Tuesday, January 8, 2008

What is poor service? (Dining Out; part 1)

I had a heated debate with someone the other night about tipping. As a waitress, I won't date someone who doesn't tip properly. I won't even go out with an acquaintance who doesn't abide by the principle of tipping. Hell, I don't think I can be friends with someone like that.

I understand that in some countries tipping isn't a custom. In the United States it is. Servers are paid minimum wage (or a lot less in some states!) and hence the bulk of our income is derived from tipping. Furthermore, we tip out of the tips that we accumulate in the night or tip out based on our sales. Not tipping us effects not only our personal pockets but the busboy, the bartender and the expo. Even more so, we get taxed not on how much tips we make BUT our overall sales for the night.

Poor service merits a poor tip. Poor service to me has nothing to do with how fast I get the food, whether there is an error in the order or if the server doesn't refill my glass the moment it is half-full. The time it takes to get your food is caused by the cooks, not the server. The majority of the time, errors are caused by cooks or expos (the people who run out the food), not by servers. As for refills, if the server is busy and appears frantic, I give them a break. I understand what it is like to get sat three tables at once or to have a table that is making your life miserable. Giving grief to a server is bad karma.

What is poor service? It's when you see your server standing around gabbing it up and your glass has been empty the last half hour. Poor service is when you politely ask for another side of dressing and they make it seem as though you just asked for the world. It's when your server acts as though serving you is a chore. As a waitress, I am the first to hate bad service. I can't stand rude, abrupt and arrogant servers. I will go so far as to leave a note explaining to the person that they were horrible. On the other hand, if I get amazing service, I will go so far as to notify the manager PLUS leaving a good tip.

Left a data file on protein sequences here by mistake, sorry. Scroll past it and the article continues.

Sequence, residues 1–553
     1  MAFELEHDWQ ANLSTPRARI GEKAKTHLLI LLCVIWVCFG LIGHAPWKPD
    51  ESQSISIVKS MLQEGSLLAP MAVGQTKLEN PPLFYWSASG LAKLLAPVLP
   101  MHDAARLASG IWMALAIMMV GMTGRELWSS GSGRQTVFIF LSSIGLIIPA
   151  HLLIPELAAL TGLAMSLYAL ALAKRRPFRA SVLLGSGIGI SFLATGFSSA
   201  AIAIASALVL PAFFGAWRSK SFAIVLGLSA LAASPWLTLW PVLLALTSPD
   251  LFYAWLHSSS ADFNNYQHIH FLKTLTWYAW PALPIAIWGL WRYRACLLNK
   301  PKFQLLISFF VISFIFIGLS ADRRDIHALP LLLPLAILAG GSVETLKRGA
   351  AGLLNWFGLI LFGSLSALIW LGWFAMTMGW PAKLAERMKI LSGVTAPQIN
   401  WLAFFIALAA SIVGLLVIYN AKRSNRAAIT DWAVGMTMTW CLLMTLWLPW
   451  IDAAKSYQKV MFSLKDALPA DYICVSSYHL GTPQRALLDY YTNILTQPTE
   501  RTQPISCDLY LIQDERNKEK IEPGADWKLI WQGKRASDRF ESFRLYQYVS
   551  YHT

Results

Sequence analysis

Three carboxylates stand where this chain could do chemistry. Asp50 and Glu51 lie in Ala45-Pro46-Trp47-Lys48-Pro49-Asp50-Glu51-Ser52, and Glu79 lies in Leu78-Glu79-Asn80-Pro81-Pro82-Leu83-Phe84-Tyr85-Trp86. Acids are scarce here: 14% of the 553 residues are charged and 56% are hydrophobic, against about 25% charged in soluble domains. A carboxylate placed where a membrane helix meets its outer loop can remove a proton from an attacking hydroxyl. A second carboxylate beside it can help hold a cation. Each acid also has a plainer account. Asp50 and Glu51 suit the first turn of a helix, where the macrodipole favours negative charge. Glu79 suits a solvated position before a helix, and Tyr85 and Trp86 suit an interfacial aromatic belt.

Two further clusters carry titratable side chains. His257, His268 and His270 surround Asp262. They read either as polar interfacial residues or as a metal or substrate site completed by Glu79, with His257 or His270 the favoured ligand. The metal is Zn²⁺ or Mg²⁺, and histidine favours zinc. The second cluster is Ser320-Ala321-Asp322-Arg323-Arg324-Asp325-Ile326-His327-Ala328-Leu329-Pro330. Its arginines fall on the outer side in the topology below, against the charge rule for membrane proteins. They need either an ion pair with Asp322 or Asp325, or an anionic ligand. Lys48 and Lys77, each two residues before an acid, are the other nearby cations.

The next time you go to a restaurant, if you have a really nice but exasperated server, cut the person some slack. There are many factors outside of our control. We smile, we serve, we apologize, we hold our tongues when someone yells at us. Please just leave us a decent tip?

Part one in a series on dining out at restaurants.

7 comments:

Anonymous said...

Well, you should be paying taxes on the amount you make, because it is probably much more that the minimum tax the government charges based on food sales.

SavingDiva said...

I would agree that tipping is important. However recently I've had horrible service....I still tip 15%, but I just don't go back to that restaurant...

VixenOnABudget said...

Anonymous: I'm going to actually get into that in another post. Some nights you make good money; other nights, like right after Christmas, people give you poor tips left and right. You end up making less than the government expects you to make, yet still claim a higher amount of tips to avoid falling under the 10% mark. No server wants to risk an audit.

SavingDiva: I completely understand. Which is why I went into what poor service is. There are a few servers at my restaurant that I wish I could smack some sense into.

Julie the Graduate said...

I attended a one day business etiquette class over the summer and the instructor said to either tip 20% or nothing. If nothing, make sure that you talk to the manager to explain what was wrong with the service. This seems a little extreme to me and I always tip 15% minimum (usually 20-25%), but I've never been a waitress. I'm curious to hear what you think about that.

VixenOnABudget said...

I concur that that's a bit extreme. As a waitress, I'm happy with the standard societal norm of 15% and 20% for great service. The 20% tippers who acknowledge I'm a fabulous waitress (and I am! :-D) balance all those people who don't know how to tip.

I could see that in a business etiquette class it is advised to tip a standard 20% or nothing. If you were on a company paid business lunch with some execs, either you tip well or you don't reward shoddy service. Maybe it's an appearance thing?

ntbeachnc said...

Having previously been a waitress for many years and having a mom who has been one for most of my life, I get irritated by people who don't tip accordingly. The worst tippers also tend to be the most demanding. I worked in a touristy area and the tourists were the worst. They'd get upset if their food took longer than 20 minutes...I'm like it's Friday or Saturday night, the place is packed, and you're on vacation you should be relaxing.

I always tip well. Even for bad service, I still tip decent. In NC, my mom makes just over $3/hour. Yes, she makes great tips some days, but she still only makes about $20,000 a year or so.

VixenOnABudget said...

You always come across those people who start complaining about where there food is after ten minutes.

In NC it's only $3/hour?! Ugh. California's minimum wage is high, fortunately. And, it doesn't penalize tip-based professions either. NC is one place I won't be moving to.